Finally, Gomer conceives and bears a son and his name is Not My People. It seems evident that this child is not Hosea’s child but a child of whoredom as God declared. The message is clear. Israel is no longer God’s people and he is no longer their God. You are completely disowned. You do not belong to God anymore and cannot call him your God. As each child is born we see an underscoring of the truth that mercy is over and judgment is coming against Israel for its wickedness. It sounds like it is over for Israel.

The Strange Promise (1:10-2:1)

But look at what God says in verse 10. The promise God made to Abraham will be remembered. God made a promise to Abraham that his offspring would be innumerable. God says that this promise is still going to happen even though Israel will be judged. Further, a reversal is going to happen. In the place where God declared them to no longer be his people, they will be called children of the living God. The children of Israel and Judah will be gathered together under one head and they will go up from the land, which is a picture of a new exodus, as if coming out of Egypt again. Then the beautiful words are declared: “You are my people” and “You have received mercy.” Further, the positive use of Jezreel is declared. The scattering can also referring to scattering seed. So a great reversal will happen.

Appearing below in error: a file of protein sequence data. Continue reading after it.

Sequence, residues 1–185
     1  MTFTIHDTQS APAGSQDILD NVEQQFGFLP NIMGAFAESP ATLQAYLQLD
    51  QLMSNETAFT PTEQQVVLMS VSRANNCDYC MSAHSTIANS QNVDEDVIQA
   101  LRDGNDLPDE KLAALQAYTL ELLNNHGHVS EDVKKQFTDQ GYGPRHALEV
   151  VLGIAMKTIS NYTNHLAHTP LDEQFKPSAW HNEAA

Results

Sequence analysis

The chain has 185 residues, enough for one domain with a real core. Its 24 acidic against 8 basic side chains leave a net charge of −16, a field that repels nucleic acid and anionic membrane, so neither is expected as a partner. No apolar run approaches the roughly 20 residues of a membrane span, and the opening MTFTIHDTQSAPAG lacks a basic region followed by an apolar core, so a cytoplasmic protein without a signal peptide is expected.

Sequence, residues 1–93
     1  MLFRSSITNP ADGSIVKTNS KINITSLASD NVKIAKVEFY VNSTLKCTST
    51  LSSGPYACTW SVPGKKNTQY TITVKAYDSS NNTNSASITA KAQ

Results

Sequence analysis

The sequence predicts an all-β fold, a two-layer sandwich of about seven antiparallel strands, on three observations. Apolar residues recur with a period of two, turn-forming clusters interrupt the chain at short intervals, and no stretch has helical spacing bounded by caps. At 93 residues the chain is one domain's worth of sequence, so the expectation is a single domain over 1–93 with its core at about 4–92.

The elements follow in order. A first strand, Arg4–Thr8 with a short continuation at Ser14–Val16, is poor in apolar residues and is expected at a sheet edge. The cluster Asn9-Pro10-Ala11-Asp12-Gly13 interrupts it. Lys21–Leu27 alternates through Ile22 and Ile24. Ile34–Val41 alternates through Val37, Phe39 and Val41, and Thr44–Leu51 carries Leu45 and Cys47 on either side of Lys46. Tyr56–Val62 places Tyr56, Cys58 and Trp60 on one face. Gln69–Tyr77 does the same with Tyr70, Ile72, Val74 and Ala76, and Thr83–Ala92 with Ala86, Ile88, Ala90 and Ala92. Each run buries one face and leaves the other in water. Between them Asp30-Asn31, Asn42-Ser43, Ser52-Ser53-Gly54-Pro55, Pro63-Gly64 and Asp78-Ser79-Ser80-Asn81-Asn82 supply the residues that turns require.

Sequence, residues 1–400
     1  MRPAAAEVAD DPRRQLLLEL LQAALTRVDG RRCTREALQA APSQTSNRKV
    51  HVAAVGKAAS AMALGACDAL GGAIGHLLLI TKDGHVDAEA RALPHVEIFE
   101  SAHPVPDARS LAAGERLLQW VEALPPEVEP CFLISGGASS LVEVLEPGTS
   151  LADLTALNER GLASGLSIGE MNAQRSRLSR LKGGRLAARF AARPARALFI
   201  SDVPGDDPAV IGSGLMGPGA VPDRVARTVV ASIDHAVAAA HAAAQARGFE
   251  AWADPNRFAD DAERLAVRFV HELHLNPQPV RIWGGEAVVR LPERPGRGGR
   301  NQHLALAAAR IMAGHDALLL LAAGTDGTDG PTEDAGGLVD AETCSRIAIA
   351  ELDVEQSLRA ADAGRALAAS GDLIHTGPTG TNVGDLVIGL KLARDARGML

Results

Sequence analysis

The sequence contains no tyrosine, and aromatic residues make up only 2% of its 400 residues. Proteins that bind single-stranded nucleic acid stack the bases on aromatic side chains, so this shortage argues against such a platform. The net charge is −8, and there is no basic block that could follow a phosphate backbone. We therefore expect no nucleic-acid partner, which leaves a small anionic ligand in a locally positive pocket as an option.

The people who deserve wrath will in the future receive mercy. The people who deserve to be cut off from God will be gathered again as God’s people. Not only will they be called his people but they will even be called God’s children. There is an amazing reversal that is coming. Now scour the chapter. Did the people do anything to deserve this reversal? Did the people change for this reversal to come about? Did the people turn back to the Lord and that is why God promised hope for their future? The people will not change. They will not turn back to the Lord. They will be judged for their sins. They are not going to do something that is going to move God to act. God is just going to act because that is who God is. God is doing something for Israel because that is the kind of God he is. God loves his people. God loves the world. God loves every single human. God is going to restore Israel in spite of her sins.

New Testament Hope

Now we can read a chapter like this and be fairly unmoved because we see it simply as a hope to Israel. But what is the relevance for us? What does this mean for us? This passage is quoted and alluded to in a couple of places in the New Testament.

First, the apostle Paul quotes this in Romans 9:25-26. But the apostle does something shocking with the text. Romans 9 is where Paul show that God’s promises have not failed toward Israel. We might be tempted to think that Paul is just going to show that Israel is able to access to God by quoting the text. But the point Paul makes is not that God would merely bring back the “not my people” Israel. Instead, God is going to bring back all peoples who are called “not my people.” Look at Romans 9:22-26. God is able to make known the riches of glory “not from the Jews only but also from the Gentiles” (Romans 9:24). God was going to do something and offer to every rebel and every sinner the ability to come to God. Even the Gentiles would be able to enjoy a privileged status with God.